The area commonly referred to as Lakeview now is bounded by the Seventeenth Street Canal, Lakeshore Drive, Bayou St. John, and City Park Avenue. The neighborhood developed from both ends towards its middle. The two big anchor points of this part of the lakefront were the New Basin Canal on the western side, and Bayou St. John in the east. Both West End and the Spanish Fort were developed into resort areas. Locals would make day trips out from the city, first on steam trains, later on electric streetcars. Open-air bandstands, restaurants, nightclubs, even hotels popped up in both locations. On the south side of the neighborhood, the Allard Plantation had been sold to the city and broken up. The city began to develop that area into what is now City Park, while a small portion of the plantation was subdivided into residential areas. With developed areas on either end, and streetcars connecting them together, it was only a matter of time before the rest of the space was drained, filled in, and developed. The area closer to the lake shore developed first, as locals wanted fishing camps and private residences closer to the water.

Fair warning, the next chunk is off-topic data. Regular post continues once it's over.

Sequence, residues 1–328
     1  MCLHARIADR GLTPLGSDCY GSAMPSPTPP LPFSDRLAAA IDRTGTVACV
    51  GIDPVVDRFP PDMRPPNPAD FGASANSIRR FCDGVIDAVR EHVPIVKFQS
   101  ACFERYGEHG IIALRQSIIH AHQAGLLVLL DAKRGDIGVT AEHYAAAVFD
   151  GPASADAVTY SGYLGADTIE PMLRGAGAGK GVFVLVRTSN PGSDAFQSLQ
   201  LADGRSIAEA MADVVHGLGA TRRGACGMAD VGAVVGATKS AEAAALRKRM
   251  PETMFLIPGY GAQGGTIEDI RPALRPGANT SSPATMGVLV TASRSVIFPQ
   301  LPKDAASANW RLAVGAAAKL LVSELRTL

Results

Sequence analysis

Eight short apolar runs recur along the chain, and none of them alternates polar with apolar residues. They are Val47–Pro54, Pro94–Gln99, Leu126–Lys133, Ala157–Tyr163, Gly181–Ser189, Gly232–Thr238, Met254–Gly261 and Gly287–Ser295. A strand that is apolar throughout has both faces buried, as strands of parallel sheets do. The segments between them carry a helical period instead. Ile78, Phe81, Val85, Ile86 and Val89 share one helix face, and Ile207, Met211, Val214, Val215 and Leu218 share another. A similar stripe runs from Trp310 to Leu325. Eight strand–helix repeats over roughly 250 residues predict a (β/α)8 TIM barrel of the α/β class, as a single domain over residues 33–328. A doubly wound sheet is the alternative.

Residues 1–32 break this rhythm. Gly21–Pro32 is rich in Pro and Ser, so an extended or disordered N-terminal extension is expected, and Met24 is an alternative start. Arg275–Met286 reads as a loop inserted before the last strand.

new orleans history
Works Progress Administration model of the Lake Vista Subdivision, 1937 (photo courtesy NOPL)

As private developers began to build homes in Lakeview, the Orleans Parish Levee Board supervised massive projects to drain the land along the shore, opening up three new subdivisions, Lakeshore, Lake Vista, and Lake Terrace.

new orleans history lakeview harrison avenue
Harrison Avenue, at the New Basin Canal, 1939 (photo courtesy NOPL)

It was after World War II that Lakeview’s expansion really took off. Veterans of the war looked away from the city’s more-established neighborhoods to build homes in Lakeview and Gentilly. As houses started to appear, churches and retail businesses followed in due course. One street, Harrison Avenue, was developed as an east-west boulevard that ran from the canal, through City Park, to the bayou. This made Harrison Avenue prime retail and commercial property. Shops, gas stations, churches, movie theaters, and other businesses opened up on Harrison to service Lakeview.